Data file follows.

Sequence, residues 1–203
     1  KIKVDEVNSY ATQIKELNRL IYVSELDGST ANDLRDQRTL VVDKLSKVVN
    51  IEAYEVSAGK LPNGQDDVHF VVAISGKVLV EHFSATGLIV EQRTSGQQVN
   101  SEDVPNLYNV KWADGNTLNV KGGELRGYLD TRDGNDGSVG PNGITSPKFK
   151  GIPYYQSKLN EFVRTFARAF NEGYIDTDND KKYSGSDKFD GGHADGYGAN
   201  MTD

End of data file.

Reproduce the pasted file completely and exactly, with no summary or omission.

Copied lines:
Sequence, residues 1–203
     1  KIKVDEVNSY ATQIKELNRL IYVSELDGST ANDLRDQRTL VVDKLSKVVN
    51  IEAYEVSAGK LPNGQDDVHF VVAISGKVLV EHFSATGLIV EQRTSGQQVN
   101  SEDVPNLYNV KWADGNTLNV KGGELRGYLD TRDGNDGSVG PNGITSPKFK
   151  GIPYYQSKLN EFVRTFARAF NEGYIDTDND KKYSGSDKFD GGHADGYGAN
   201  MTD